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Thread: Argument at the Supreme Court

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    Default Argument at the Supreme Court

    Here is the Dispatch: http://www.adn.com/article/20150826/...-setnet-debate

    Here is the Journal of Commerce: http://www.alaskajournal.com/Alaska-...ban-arguments/

    Did not see anything in the Fairbanks News Miner or Juneau Empire. Your results may differ.

    Decision is likely around the end of the year.

    Any on-site witness comments or reports?

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    http://www.360north.org/gavel-archiv...647_2015081001


    link to oral debate.. Some of the judges appeared very skeptical that this is not allocative. We will see but I am betting they do not allow this to go forward and Bob is out 100k.

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    Itís an interesting legal question. What constitutes an allocation? It is the strict definition (recreational, commercial, subsistence, PU), or does it mean a shifting of priorities within the definition? Clearly if a single user group (i.e., commercial) is denied fish, thatís an allocation. That is, their new allocation is now zero. I donít think anyone would argue that action is not an allocation. But if the shift is within a user group (set netters to drift netters) does that constitute an allocation? Thatís not so clear.

    In my view, the ballot measure is a ďbackdoor allocationĒ. By eliminating set nets, the escapement of Chinook would go up (duh). Since these Chinook are targeted by recreational anglers, there would be more available for in-river harvest. If more Chinook are available, it will be easier to hit the existing allocation target. But for the set nets, hitting the existing allocation for the recreational harvest of Chinook might be difficult, because there are fewer Chinook. Without the set nets, harvesting 100% of the existing allocation just got easier. That benefit constitutes an allocation, albeit a backdoor allocation. Whether this fits within the legal definition of an allocation under Alaska law is the question the Court has been asked to decide. The answer may depend on the practical application of the law, rather than on clear legislative intent or applicable case law.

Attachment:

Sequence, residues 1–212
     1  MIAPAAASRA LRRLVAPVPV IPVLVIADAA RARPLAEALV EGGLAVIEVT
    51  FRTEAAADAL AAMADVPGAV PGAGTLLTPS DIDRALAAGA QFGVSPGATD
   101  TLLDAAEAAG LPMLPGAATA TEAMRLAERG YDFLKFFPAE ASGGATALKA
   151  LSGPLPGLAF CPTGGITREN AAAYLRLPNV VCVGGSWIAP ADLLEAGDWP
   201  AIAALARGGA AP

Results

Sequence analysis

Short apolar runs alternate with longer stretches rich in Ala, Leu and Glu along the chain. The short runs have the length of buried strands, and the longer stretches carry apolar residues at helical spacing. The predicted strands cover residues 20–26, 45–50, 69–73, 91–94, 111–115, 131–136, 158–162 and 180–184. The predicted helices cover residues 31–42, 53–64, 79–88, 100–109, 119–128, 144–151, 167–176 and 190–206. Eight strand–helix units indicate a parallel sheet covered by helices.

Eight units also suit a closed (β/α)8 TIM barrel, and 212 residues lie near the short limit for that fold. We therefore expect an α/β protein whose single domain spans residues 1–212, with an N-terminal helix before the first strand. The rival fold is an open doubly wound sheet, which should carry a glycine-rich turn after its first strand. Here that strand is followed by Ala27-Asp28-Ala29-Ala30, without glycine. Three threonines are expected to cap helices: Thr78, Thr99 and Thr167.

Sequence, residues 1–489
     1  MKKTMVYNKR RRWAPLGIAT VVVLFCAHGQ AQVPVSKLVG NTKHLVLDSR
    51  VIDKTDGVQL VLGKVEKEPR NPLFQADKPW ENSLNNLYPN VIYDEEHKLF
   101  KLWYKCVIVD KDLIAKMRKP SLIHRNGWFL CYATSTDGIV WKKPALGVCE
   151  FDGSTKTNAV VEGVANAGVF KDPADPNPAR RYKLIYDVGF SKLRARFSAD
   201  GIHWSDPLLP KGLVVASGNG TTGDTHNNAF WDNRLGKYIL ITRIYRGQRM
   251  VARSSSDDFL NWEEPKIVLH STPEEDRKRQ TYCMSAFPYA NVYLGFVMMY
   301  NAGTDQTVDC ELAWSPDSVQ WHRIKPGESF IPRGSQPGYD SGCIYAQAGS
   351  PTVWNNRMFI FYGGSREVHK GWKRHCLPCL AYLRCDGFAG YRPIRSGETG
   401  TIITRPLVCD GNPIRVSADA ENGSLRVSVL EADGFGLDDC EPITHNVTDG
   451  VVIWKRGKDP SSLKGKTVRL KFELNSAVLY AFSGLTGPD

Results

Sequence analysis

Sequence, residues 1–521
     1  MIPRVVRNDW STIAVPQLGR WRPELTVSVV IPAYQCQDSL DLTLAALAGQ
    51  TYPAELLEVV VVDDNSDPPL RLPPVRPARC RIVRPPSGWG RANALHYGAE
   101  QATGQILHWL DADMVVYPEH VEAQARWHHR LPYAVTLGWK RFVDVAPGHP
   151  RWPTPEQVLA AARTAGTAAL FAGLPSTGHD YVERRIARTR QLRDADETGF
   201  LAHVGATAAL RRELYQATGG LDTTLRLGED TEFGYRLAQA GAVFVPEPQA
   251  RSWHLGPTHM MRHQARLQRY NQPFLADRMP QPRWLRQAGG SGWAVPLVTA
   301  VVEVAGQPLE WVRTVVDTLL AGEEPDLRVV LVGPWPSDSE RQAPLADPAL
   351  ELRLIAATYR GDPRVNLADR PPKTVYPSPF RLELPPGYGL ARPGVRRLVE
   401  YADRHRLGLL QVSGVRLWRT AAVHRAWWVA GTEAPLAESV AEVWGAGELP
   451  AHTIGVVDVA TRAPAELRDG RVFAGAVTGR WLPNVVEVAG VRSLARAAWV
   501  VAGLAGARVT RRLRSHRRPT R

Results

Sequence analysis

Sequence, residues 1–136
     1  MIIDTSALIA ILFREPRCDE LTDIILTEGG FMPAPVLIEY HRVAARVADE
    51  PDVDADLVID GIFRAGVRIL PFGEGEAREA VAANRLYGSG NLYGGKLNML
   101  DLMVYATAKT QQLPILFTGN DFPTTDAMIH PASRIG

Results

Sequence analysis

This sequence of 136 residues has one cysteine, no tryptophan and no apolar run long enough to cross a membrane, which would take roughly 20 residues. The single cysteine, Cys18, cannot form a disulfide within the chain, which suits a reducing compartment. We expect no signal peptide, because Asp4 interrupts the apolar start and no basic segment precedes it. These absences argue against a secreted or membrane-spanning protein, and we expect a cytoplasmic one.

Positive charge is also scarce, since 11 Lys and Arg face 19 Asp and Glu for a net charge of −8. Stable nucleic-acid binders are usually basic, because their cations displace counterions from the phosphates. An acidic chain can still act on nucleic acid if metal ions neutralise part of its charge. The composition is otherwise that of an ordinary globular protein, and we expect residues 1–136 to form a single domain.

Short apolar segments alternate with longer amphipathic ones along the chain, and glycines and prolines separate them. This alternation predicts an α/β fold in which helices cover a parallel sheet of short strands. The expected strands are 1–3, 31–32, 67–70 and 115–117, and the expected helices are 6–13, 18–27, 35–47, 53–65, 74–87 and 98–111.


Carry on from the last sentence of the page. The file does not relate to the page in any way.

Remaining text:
If thatís the case, Bob is going to be crying in his beerÖÖ

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    Quote Originally Posted by Cohoangler View Post
    Itís an interesting legal question. What constitutes an allocation? It is the strict definition (recreational, commercial, subsistence, PU), or does it mean a shifting of priorities within the definition? Clearly if a single user group (i.e., commercial) is denied fish, thatís an allocation. That is, their new allocation is now zero. I donít think anyone would argue that action is not an allocation. But if the shift is within a user group (set netters to drift netters) does that constitute an allocation? Thatís not so clear.

    In my view, the ballot measure is a ďbackdoor allocationĒ. By eliminating set nets, the escapement of Chinook would go up (duh). Since these Chinook are targeted by recreational anglers, there would be more available for in-river harvest. If more Chinook are available, it will be easier to hit the existing allocation target. But for the set nets, hitting the existing allocation for the recreational harvest of Chinook might be difficult, because there are fewer Chinook. Without the set nets, harvesting 100% of the existing allocation just got easier. That benefit constitutes an allocation, albeit a backdoor allocation. Whether this fits within the legal definition of an allocation under Alaska law is the question the Court has been asked to decide. The answer may depend on the practical application of the law, rather than on clear legislative intent or applicable case law.

    If thatís the case, Bob is going to be crying in his beerÖÖ
    The allocation isn't shifting to the drift fleet though. The drift fleet cannot fish in the same area as setnetters, and if they could, what would the point of the ban be. In essence, allocation is being stripped from the commercial group, because there is nothing in place to harvest those fish that setnetters harvest. This is a clear attempt at manipulating the letter of the law.
    Responsible Conservation > Political Allocation

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    I particularly like the question that was asked regarding banning several commercial gear types and keeping commercial allocation. The lawyers response was priceless